A fellow Queens, NY native, MArk X Miller is a photographer/musician who has been part of the hardcore scene since the '90s. Currently fronting the band Black X, MArk has also been keeping busy with HMNI Fanzine Podcast, a show where he interviews key figures from the Buffalo underground scene. The podcast's name comes from Hello My Name Is, a zine he did back in the '90s. He's in the process of digitizing every issue of the zine, so stay tuned for that.
Today, I'm chatting with MArk as part of the site's Photographer Spotlight series.
Where were you born and raised, and where are you based these days?
I was born in Flushing, Queens, NY. Right now, I live in Buffalo, NY. I came here for college and never left.
What came first, your love for music, or your love for photography?
My love for music. I've been through a few different phases. My love for popular music in the '80s, then my late '80s hip-hop phase then my "alternative" phase. Hardcore is my last "phase." When I first heard it, it truly spoke to me and has been speaking to me for the last 20 some odd years. I discovered photography after I got into hardcore. I guess I saw some kids with cameras at shows and felt inspired to shoot. I used disposables for a while then bought a Minolta Freedom Zoom point and shoot right before I went to the More Than Music fest in 1995. I didn't get a whole lot of pictures of the bands that weekend it seemed like I was more concerned with shooting pics of the new friends I was making than the bands, but I still enjoyed the time and the memories.
How did you discover hardcore?
I discovered hardcore through my best friend in High school. His brother played bass in Citizens Arrest. We didn't really talk much about hardcore and I don't think he was into it, but it definitely planted a seed in me. The fire was lit though a bunch of people I actually met in college. I was into alternative and industrial music at the time I met some dudes at this punk house in buffalo called "Headquarters." Those guys hooked me up with a lot of stuff, and they were more into "old school" fast stuff. There was this dude, Ken Schardt, who was into a lot of that stuff, but he was also into post-hardcore and emo, as it existed back then, and he showed me there was more to it than the old school.
Who were some of the photographers you looked up to during your formative years? Were there any music-related photographers you followed?
Theres only one photographer I admire and follow and that's Glen E. Friedman. I was never really a fan of photography at large, but Glen was shooting most of the things I was interested in, so I naturally gravitated towards his work.
What is your camera and post set up?
I shoot Canon. I have a 5D3 right now and I have the normal stuff like the 16-35 24-70 70-200. I shoot weddings so that probably the main reason I have all the equipment. When I shoot shows I mainly is the 16-35 and the 24-70 because I'm usually right up close near the stage.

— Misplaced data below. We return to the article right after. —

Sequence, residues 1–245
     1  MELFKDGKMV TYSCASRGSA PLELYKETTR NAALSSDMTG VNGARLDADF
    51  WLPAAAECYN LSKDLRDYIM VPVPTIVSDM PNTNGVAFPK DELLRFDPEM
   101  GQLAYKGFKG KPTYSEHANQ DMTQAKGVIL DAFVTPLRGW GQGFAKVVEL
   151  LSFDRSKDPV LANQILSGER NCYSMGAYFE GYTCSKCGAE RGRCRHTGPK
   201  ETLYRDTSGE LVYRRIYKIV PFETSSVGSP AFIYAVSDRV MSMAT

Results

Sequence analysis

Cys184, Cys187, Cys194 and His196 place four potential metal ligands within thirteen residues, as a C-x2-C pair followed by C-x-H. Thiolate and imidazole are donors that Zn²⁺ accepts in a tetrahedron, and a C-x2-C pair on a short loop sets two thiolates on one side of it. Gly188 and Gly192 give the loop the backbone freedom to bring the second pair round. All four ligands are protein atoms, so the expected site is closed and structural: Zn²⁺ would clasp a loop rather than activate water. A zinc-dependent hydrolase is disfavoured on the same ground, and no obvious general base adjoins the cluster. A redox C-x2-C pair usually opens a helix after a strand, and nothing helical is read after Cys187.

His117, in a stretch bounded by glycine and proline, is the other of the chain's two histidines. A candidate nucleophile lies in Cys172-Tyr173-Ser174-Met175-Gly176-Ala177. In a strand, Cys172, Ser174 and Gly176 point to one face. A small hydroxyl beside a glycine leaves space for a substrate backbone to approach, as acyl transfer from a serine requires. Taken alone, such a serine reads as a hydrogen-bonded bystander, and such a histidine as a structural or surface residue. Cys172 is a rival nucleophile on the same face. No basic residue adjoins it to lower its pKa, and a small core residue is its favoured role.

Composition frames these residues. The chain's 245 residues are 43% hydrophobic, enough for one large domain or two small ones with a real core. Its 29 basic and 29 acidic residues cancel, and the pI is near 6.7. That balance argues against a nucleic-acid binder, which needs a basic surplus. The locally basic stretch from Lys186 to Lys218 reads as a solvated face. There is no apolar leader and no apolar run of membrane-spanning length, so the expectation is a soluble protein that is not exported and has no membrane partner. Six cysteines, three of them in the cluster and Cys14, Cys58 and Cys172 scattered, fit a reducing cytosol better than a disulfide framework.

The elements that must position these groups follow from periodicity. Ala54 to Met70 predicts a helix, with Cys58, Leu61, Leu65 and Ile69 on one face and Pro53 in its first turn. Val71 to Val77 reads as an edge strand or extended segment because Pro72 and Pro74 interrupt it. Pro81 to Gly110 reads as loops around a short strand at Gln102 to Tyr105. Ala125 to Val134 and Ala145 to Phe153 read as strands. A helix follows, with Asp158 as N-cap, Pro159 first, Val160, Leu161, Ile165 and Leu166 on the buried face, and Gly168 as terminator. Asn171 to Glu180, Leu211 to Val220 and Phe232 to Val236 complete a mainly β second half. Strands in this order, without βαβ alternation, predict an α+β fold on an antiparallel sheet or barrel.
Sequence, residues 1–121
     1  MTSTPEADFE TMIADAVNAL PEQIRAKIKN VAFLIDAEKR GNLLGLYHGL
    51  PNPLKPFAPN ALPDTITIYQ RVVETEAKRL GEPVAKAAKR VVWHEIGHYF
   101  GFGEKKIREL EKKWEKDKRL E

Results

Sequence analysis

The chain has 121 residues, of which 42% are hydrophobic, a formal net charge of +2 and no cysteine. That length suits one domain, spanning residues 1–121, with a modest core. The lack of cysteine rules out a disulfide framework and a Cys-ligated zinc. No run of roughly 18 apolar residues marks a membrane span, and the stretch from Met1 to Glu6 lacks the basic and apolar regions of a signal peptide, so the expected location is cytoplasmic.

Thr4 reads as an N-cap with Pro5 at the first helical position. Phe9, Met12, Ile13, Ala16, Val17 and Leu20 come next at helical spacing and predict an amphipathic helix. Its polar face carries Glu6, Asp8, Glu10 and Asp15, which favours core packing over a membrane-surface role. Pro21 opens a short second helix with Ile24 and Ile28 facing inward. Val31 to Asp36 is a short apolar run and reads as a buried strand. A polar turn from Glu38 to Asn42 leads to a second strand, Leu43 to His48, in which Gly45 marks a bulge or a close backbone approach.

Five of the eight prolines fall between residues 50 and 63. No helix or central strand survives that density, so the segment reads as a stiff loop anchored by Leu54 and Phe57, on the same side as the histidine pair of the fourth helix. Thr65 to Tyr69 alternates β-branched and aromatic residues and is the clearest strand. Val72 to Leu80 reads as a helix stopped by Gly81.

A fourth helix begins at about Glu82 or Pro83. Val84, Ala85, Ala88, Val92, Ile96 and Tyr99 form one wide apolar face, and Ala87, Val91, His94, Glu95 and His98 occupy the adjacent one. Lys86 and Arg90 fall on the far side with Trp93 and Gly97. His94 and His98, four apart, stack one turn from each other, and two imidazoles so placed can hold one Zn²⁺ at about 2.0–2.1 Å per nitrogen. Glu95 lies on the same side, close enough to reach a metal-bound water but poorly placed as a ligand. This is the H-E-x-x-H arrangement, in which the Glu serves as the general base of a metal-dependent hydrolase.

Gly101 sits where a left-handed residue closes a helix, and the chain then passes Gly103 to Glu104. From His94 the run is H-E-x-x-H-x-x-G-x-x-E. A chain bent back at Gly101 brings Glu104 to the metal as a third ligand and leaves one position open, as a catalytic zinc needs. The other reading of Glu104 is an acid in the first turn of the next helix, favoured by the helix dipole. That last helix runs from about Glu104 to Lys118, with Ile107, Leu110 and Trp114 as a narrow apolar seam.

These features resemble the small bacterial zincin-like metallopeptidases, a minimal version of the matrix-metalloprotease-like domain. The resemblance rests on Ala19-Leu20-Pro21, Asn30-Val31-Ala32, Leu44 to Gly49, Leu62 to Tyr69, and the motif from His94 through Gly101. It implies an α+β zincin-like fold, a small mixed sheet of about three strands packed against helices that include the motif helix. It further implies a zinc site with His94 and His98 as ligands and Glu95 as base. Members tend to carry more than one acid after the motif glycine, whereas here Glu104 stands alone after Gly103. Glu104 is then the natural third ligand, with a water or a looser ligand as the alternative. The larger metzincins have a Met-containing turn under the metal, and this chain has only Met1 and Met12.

Who are some of your favorite bands to shoot?
Today? Definitely Terror. Few bands bring it live like they do. A lot of shows are boring these days and don't have a lot of crowd movement and participation but Terror shows definitely do. There's a band from here that just broke up called Gas Chamber. They were always a treat to shoot because of their sheer intensity. They were one of the most unique hardcore bands of the last few years.
If you could go back in time, who are some bands that you would have loved to shoot?
Of course Minor Threat, and I never got to shoot Fugazi, even though I saw them live. I wish I could have shot the Youth of Today lineup that was Ray, Porcell, Craig Ahead, Mike Judge, and Richie Birkenhead.
What are the toughest aspects to shooting hardcore shows?
The toughest aspect of shooting hardcore is basically being amongst a rowdy crowd shooting with very expensive equipment. Sometimes I'm on stage but on the floor has always been the best vantage point for me.
Tell me about some bands that we should all be on the lookout for.
My band, Black X [laughs]. For real though, I love Fury, but they're a known commodity at this point. There's a new up and coming edge band from here in Buffalo called Clear Focus that young energetic and edge...they're great kids to boot.
Who are some modern-day photographers that you admire?
I don't follow too many photographers. I mean, I see their work, but admiration is a whole different animal. One photographer who existed back in the day, but is still chugging along, is Greg Straight Edge. he taught me a whole lot about photography back in the day and still continues to influence me. He doesn't shoot a whole lot of shows these days but he actually serving a higher purpose now. He's trying to build a farm sanctuary in Black Mountain, NC, and he's been rescuing all kinds of animals as long as I've known him. He captures a lot of that work with his camera these days. I admire him for photography and for the fact that he's doing a lot of the stuff people talked about back then then quickly forgot about.
If you had to pick one of your photos that best encapsulates why you love shooting hardcore bands, which one would it by and why?
There's a picture of this Buffalo band Plagued With Rage that I love. It's the signer and guitar player jumping in unison and it captures—in my humble opinion—the spirit, energy and passion of hardcore all in one picture. It's funny that I now play in band called Black X with the two people in that picture.